Tina Brown’s Vile Prog rag The Daily Beast:
When 15-year old Andre Green found out that his ex-girlfriend, Sonya, was pregnant with his child, he was living with six members of his extended family in a small row house in Camden, New Jersey. His mother was a drug addict. His father, in Andre’s words, was a “dog” who had never even told Andre that he had several half-brothers kicking around the neighborhood. (The boy found out gradually, when he noticed similar-looking children in school and at the supermarket, and asked them who their father was.) Yet despite his poverty, lack of parental support, and the fact that his romantic relationship with Sonya had ended, Andre was excited—even thrilled—to become a father.
“I was like, “Yes! Thank you, Jesus!” he told sociologists Kathryn Edin and Timothy Nelson. Indeed, within several months of his daughter’s birth, Andre had dropped out of school to become Jalissa’s primary caregiver. He took great pride in keeping her well fed, nicely dressed, and even taking her to church. There, despite his youth and joblessness, Andre was celebrated as a devoted dad. “People say, ‘Oh Andre, you’re doing a beautiful job,’” he told the researchers. “They’re like, ‘Andre, I’m very proud of you.’”
Why isn’t unwed teen parenthood more stigmatized in low-income communities? Eight years ago, Edin and her writing partner, Maria Kafalas, overturned stereotypes about inner-city single mothers with their book Promises I Can Keep. That study showed that many single mothers celebrated and even planned their serial out-of-wedlock pregnancies, not because they were “welfare moms” looking for a government paycheck, but because in neighborhoods in which college, satisfying careers, and financially stable marriages seemed to be little more than fantasies from television and the movies, motherhood provided the crucial, emotionally satisfying transition into adult life.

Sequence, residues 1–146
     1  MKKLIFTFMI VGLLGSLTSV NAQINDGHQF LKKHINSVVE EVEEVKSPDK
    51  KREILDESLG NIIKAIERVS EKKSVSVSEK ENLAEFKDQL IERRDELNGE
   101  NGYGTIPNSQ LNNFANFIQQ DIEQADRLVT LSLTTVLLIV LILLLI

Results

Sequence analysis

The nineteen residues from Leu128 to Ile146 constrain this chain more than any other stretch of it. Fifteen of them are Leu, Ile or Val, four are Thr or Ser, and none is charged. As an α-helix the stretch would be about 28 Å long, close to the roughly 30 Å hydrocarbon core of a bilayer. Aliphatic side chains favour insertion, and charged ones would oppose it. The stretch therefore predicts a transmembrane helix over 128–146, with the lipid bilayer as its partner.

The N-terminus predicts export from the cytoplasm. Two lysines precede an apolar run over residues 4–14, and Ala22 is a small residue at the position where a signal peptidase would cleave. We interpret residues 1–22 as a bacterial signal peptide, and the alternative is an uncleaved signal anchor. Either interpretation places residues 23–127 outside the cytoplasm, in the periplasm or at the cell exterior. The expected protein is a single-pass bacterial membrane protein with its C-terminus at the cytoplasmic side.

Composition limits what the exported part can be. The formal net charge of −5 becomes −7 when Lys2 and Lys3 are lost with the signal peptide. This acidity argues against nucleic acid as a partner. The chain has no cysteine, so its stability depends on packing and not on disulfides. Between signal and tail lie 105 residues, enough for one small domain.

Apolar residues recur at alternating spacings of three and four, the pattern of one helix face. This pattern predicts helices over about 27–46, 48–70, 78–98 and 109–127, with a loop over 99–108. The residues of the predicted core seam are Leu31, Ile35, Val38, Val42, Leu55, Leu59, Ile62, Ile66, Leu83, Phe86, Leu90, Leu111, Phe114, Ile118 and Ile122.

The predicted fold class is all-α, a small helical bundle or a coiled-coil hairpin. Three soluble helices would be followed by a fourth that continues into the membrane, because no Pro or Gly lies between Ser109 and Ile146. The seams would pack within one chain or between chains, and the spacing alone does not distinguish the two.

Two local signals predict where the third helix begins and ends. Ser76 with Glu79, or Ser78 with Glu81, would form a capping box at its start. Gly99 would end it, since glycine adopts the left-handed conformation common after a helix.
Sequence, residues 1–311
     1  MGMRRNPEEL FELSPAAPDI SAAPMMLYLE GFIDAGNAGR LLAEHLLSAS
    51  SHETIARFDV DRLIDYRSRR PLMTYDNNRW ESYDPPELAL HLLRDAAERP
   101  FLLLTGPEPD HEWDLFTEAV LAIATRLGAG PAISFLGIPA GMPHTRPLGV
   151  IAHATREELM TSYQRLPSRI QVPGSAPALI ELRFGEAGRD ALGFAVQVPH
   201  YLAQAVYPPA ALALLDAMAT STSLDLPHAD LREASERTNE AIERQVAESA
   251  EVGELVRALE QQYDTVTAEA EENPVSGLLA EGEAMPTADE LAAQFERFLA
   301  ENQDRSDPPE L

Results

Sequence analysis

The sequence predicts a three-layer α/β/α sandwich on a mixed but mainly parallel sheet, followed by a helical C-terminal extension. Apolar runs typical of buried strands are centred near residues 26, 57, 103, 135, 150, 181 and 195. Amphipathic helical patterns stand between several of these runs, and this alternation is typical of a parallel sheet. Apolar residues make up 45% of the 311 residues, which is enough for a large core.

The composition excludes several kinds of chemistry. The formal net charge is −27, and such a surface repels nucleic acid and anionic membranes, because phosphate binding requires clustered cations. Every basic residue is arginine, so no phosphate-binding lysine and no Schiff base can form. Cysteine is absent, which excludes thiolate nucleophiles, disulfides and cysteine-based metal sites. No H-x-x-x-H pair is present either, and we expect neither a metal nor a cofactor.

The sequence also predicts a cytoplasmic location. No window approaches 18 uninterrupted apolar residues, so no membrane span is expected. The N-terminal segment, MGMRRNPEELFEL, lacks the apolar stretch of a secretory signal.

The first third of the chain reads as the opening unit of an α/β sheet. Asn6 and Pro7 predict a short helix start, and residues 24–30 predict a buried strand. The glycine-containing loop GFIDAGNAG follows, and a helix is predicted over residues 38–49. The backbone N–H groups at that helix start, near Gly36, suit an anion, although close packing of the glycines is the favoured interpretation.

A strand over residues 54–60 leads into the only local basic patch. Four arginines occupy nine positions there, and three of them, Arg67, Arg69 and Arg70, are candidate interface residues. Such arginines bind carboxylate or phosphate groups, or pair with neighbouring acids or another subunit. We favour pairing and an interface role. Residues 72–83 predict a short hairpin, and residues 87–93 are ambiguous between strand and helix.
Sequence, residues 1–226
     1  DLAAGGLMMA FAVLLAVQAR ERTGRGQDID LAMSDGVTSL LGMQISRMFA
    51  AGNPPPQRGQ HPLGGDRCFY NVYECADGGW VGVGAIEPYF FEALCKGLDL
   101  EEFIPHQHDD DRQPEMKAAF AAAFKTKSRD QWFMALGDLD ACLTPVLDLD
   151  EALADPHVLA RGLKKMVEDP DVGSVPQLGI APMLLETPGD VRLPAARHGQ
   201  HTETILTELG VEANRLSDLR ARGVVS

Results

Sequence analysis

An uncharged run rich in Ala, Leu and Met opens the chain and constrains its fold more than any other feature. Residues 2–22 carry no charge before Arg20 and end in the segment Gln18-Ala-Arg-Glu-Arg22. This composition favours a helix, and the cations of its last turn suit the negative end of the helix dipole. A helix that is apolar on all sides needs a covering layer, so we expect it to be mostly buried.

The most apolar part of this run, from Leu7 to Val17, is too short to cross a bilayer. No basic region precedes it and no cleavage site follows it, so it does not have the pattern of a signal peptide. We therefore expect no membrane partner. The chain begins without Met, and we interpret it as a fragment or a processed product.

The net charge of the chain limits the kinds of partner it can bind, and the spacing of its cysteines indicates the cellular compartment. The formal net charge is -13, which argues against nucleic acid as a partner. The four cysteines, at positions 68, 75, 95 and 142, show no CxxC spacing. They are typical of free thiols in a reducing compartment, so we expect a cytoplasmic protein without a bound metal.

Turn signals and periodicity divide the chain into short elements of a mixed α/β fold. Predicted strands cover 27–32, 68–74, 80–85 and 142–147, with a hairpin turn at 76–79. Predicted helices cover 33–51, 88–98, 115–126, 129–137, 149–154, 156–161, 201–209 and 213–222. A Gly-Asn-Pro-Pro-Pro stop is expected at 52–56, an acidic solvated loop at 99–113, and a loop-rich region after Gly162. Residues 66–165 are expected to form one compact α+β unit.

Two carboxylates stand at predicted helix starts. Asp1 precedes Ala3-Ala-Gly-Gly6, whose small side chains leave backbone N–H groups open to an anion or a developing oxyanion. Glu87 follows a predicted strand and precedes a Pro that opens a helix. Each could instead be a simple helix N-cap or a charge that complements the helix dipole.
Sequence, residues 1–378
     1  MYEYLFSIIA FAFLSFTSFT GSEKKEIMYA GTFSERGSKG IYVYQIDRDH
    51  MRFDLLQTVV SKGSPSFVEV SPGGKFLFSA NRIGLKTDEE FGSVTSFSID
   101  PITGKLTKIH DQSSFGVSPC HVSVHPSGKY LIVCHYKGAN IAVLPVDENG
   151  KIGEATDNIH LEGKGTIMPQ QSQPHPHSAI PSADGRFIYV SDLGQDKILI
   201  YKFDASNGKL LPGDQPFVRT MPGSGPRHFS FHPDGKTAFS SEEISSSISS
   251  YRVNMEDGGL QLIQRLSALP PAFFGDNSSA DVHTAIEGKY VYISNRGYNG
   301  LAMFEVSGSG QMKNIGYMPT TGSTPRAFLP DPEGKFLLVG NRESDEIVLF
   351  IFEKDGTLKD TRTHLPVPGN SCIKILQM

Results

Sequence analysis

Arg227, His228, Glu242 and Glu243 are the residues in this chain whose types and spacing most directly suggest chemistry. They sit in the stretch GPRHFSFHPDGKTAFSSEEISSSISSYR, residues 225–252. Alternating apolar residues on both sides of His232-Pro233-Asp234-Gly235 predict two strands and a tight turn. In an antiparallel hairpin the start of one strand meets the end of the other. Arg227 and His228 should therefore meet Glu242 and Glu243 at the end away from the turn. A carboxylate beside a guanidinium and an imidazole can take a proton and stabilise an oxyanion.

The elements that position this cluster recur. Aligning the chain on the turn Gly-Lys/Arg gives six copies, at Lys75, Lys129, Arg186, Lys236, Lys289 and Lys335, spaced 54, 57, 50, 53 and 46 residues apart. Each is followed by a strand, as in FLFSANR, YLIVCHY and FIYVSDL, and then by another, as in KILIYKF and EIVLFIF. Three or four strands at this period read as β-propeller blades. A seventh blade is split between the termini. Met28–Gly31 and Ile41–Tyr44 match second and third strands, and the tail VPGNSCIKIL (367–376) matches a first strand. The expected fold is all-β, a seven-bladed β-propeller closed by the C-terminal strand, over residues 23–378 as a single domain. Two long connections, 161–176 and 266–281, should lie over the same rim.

Now, in Doing the Best I Can, Edin and Nelson have returned to the streets of Philadelphia and Camden to tell unwed fathers’ side of the story. The results, from a seven-year study of 205 men, all earning less than $16,000 per year, are no less extraordinary, calling into question the caricature of the “deadbeat dad.” Like Andre Green, many poor men will overcome daunting personal challenges to spend time with their children, even as they fail to live up to middle-class norms of the father as provider and moral role model.
Poor, single dads have a lot in common with their female counterparts. Both young men and young women in these neighborhoods see forgoing contraception as a key sign of sexual trust and fidelity, and they demonstrate little anxiety about unexpected pregnancy—a surprising notion for many middle-class Americans, who viscerally fear the loss of educational, career, and romantic opportunities that premature parenthood brings. Far from disdaining marriage, low-income single parents have fully absorbed mainstream cultural messages about what that institution should entail: two good jobs, home ownership, and a “soul mate” kind of love. Because these goals appear impossible for people living hand-to-mouth at the bottom rung of the American economy, however, men told the researchers that marriage is generally off the table as a realistic lifestyle. Indeed, they mistrust women, whom they see as enforcers of middle-class earning expectations they cannot meet. The love these men feel for their children is far stronger than any romantic connection they’ve made with those children’s mothers.
There is a bunch more but my blood pressure won’t let me read it.
Let’s not be judgmental. We obviously don’t understand the richness and diversity of inner-city culture. We can’t impose our middle-class Victorian morality on other people. That would be racist.
Take your white male privilege with you when you go.